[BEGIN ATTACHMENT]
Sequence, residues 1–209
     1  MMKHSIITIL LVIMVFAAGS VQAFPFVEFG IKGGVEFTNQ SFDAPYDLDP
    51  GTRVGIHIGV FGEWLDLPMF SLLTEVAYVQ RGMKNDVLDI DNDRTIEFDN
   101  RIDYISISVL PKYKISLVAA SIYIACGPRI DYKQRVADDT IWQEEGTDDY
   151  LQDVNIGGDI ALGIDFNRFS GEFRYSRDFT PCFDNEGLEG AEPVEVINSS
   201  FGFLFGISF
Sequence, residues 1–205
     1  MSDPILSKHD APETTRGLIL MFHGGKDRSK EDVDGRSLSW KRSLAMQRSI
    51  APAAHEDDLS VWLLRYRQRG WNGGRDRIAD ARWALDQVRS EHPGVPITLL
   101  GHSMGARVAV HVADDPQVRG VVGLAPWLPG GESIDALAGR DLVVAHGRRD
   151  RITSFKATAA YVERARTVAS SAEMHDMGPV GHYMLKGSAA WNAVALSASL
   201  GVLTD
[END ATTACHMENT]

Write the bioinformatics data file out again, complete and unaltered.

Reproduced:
Sequence, residues 1–209
     1  MMKHSIITIL LVIMVFAAGS VQAFPFVEFG IKGGVEFTNQ SFDAPYDLDP
    51  GTRVGIHIGV FGEWLDLPMF SLLTEVAYVQ RGMKNDVLDI DNDRTIEFDN
   101  RIDYISISVL PKYKISLVAA SIYIACGPRI DYKQRVADDT IWQEEGTDDY
   151  LQDVNIGGDI ALGIDFNRFS GEFRYSRDFT PCFDNEGLEG AEPVEVINSS
   201  FGFLFGISF
Sequence, residues 1–205
     1  MSDPILSKHD APETTRGLIL MFHGGKDRSK EDVDGRSLSW KRSLAMQRSI
    51  APAAHEDDLS VWLLRYRQRG WNGGRDRIAD ARWALDQVRS EHPGVPITLL
   101  GHSMGARVAV HVADDPQVRG VVGLAPWLPG GESIDALAGR DLVVAHGRRD
   151  RITSFKATAA YVERARTVAS SAEMHDMGPV GHYMLKGSAA WNAVALSASL
   201  GVLTD